If you happened to be playing with Ras “Teddy” Tewodros at his home disc golf course in Stockholm, Sweden, you might witness something strange.
“When I’m on the course, I can be on hole 3 and there’s somebody running from hole 5 with a disc, and they say, ‘Hey, Teddy, I have this one; take it,’” Tewodros said.
Sometimes this scene repeats itself so often during a round that Tewodros can’t fit the extra discs in his bag anymore.
The reason for this is that Tewodros is the founder of the disc golf-focused charity Disc to Africa, which has already helped thousands of African children learn about and play disc golf at school. In quick order, it has gone from a dream of Tewodros' to a fully-registered charitable organization with multiple board members working towards greatly expanding Africans’ access to the healthy, low-cost recreation disc golf provides.
Tewodros is a native Ethiopian living in Sweden and first encountered disc golf because Stockholm’s Järva DiscGolfPark is in the neighborhood he now calls home. He began playing there, quickly became obsessed with the sport, and believed that other Ethiopians might find the same joy in disc golf that he did.
Shortly before making a trip back home to Ethiopia, that conviction led Tewodros to ask Järva co-owner Mats Löf if he’d be willing to donate some discs that Tewodros could give to potential new players in his home country. Löf was so enthused by the idea that he gave Tewodros 30 discs to take with him.
When Tewodros arrived, he quickly came to the conclusion that in order for those discs to have the effect he wanted, he would need to be very intentional with how he distributed them.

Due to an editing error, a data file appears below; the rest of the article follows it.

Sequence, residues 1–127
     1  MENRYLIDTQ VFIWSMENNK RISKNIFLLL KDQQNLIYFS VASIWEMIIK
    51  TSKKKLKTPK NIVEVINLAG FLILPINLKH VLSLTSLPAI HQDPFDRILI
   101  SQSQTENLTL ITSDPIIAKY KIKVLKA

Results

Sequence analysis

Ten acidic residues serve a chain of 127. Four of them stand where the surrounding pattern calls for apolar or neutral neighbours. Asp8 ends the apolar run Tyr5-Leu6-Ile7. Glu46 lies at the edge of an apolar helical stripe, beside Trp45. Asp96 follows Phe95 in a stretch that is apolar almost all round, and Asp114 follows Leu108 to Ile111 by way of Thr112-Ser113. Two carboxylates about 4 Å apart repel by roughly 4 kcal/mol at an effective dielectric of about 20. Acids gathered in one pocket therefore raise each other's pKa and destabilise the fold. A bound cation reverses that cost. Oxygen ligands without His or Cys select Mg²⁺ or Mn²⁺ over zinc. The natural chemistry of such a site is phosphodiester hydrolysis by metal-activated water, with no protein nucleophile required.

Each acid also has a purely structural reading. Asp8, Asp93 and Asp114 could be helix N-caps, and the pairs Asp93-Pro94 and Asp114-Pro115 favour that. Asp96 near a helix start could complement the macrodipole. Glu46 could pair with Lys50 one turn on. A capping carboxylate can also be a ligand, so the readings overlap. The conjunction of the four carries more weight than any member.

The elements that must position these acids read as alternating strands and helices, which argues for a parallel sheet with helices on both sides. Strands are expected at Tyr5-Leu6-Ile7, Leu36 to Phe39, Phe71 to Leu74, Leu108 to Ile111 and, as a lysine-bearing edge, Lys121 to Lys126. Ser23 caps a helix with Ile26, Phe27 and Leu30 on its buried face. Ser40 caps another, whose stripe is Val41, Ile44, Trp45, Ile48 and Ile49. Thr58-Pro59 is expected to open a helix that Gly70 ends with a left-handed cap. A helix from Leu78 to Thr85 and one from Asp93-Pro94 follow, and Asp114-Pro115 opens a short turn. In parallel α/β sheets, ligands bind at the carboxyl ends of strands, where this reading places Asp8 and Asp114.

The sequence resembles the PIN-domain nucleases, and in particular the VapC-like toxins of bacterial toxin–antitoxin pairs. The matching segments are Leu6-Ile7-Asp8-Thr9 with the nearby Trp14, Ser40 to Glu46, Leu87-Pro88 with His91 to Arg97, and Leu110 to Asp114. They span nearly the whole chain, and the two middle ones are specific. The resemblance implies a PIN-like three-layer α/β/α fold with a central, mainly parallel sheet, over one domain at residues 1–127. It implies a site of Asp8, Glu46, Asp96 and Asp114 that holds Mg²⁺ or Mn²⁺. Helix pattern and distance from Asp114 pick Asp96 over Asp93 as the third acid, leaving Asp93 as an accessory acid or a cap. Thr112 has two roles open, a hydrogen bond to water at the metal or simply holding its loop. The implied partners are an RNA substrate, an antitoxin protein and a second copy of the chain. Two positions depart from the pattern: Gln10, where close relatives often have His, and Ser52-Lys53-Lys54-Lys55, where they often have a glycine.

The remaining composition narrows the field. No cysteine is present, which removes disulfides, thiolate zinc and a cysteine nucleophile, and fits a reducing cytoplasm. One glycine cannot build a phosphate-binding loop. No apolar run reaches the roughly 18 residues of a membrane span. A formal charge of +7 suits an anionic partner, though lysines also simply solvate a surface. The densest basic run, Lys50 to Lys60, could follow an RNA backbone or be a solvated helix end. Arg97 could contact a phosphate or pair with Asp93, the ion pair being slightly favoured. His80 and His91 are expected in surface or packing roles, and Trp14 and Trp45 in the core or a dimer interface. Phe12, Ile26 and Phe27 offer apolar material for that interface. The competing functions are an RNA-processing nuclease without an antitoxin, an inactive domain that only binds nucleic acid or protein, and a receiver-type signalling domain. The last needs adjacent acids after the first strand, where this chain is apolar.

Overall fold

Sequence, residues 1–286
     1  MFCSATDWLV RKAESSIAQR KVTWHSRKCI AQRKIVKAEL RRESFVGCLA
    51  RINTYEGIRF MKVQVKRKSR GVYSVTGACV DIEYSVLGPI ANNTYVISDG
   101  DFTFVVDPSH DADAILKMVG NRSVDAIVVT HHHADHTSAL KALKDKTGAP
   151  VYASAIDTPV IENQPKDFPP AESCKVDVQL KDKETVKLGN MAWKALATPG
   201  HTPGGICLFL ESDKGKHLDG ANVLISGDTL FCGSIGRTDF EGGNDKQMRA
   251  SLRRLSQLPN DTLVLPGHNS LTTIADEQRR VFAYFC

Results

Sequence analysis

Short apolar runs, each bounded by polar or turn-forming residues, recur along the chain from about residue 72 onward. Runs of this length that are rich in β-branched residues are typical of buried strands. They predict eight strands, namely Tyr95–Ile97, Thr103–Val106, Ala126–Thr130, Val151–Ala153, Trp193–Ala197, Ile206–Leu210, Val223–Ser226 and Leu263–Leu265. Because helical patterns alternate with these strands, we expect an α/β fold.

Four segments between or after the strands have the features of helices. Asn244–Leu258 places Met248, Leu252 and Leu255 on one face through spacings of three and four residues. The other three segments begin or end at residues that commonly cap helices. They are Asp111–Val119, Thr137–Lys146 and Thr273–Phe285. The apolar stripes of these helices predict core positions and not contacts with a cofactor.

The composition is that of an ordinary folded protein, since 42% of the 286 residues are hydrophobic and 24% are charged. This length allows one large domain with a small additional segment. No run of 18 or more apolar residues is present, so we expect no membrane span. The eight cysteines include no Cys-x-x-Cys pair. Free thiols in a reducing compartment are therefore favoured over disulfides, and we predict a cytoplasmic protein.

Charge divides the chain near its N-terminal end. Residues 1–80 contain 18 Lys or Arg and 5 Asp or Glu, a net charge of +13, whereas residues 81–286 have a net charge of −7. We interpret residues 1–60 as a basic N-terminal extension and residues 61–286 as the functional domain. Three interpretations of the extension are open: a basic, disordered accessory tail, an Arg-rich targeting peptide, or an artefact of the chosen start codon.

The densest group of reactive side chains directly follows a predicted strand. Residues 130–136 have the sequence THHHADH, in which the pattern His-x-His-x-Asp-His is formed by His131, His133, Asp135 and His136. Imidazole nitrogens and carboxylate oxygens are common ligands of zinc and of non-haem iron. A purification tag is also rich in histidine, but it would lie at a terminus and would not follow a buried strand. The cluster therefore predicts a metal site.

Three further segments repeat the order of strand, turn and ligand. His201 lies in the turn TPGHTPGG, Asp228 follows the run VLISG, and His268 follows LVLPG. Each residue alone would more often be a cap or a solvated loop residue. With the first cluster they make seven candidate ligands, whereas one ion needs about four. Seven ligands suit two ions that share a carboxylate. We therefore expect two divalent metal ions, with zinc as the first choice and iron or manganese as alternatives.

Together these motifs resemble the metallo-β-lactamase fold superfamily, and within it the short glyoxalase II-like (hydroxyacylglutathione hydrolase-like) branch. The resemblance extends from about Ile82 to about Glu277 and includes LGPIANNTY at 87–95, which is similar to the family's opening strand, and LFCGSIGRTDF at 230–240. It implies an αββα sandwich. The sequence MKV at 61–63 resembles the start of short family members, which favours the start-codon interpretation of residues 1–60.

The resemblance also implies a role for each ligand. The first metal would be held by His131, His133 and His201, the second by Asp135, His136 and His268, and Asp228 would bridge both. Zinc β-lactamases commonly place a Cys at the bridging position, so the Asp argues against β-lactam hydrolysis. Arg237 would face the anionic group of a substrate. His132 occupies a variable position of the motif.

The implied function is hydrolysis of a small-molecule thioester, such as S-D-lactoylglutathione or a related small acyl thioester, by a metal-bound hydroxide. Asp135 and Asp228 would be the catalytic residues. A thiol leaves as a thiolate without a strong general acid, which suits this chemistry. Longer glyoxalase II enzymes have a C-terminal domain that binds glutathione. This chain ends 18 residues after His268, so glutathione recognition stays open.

“The first disc I gave away was to a kid in the street who was playing with nothing,” Tewodros said. “But at the same time, I realized giving them away that way wasn’t going to make an impact, so I started looking for a school that would take care of the discs.”
The logic was that a school could reuse the discs again and again with masses of students during physical education classes or play time, introducing many more people to the sport than if the discs had been given to individuals.
Tewodros found a school interested in taking the discs and made a video of the students playing with them that Järva posted on its Facebook page.
“When I got home after three weeks of vacation, there were 120 discs waiting for me,” Tewodros said.
These discs had been donated by the other co-owner of Järva, Jonas Löf (brother of Mats). Such generosity convinced Tewodros that a more ambitious project for bringing disc golf to his homeland could be a success. Thus, Disc to Africa was born.
Disc to Africa’s first real project was in some ways a larger-scale version of Tewodros' initial one. He and friend Daniel Bareirro contacted Ethiopian schools to see if they would be interested in receiving free discs in exchange for introducing students to disc golf, which Disc to Africa would teach instructors how to play.
But it wasn’t just discs Tewodros wanted to donate this time. He also made contacts that could manufacture baskets in Ethiopia for the price of about $100 USD each.